YUBA CITY (CBS13) — Shovels hit the dirt for the first time since 1955 along the Feather River as levee improvements began around Yuba City.
It was the middle of the night on Christmas Eve nearly 60 years ago when a part of the levee gave way. Water measuring two stories high and hundreds of feet wide barreling toward farms and homes.
Francis Silva, who owned a farm along the Feather River, says he rushed home to save his wife and children.
“Had to go about 10 miles to get my house, so I was able to get my family out.”
But many did not survive. When it was all over, 38 people had died, and hundreds of animals perished or went missing.
“You can imagine everything that is in your house is completelygone. I mean completely gone,” said former Sutter County Supervisor Larry Montna.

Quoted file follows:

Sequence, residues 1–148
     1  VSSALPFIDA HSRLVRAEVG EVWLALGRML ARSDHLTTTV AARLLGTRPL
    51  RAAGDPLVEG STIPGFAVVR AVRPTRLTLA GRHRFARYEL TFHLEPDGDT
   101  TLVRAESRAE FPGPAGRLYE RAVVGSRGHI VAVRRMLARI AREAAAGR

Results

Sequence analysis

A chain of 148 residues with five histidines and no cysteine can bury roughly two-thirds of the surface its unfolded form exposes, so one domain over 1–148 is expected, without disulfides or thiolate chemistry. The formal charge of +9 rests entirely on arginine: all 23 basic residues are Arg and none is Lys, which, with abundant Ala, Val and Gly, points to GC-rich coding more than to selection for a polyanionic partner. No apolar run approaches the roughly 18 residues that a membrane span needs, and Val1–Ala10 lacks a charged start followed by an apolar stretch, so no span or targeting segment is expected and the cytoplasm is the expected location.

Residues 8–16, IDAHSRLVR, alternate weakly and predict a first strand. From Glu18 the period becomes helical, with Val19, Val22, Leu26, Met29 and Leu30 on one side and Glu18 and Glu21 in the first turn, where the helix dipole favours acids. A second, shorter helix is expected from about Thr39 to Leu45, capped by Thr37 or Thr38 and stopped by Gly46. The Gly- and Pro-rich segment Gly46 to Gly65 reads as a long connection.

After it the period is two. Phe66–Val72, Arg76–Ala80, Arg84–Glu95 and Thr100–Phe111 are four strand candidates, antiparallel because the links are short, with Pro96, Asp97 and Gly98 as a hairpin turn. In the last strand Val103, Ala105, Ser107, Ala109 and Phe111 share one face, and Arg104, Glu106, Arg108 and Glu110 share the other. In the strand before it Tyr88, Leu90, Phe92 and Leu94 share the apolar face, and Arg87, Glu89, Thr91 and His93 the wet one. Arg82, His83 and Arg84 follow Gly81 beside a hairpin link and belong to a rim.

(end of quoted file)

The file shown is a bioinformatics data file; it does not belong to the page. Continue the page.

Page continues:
The repairs were only to last a few years until something permanent could be done.
“It was pumped back in there with sand and a temporary fix to get it closed,” Silva said. “It’s never been changes. That’s 50-some years ago.”
That sand is all that stood between the river and homes that sit along the levee.
Tractors are now moving dirt, preparing the first section of what will be 44 miles of levee improvements.
“Every time we had high water, we’ve had a problem here, so this will solve that,” Silva said.
The $312 million project will bring levees to national safety standards which means they will be able to withstand a catastrophic flood that takes place once every 100 years.
This groundbreaking was a day Francis wasn’t sure he’d ever witness.
“It just finally came together. It took all that time. I never thought I’d live to see it.”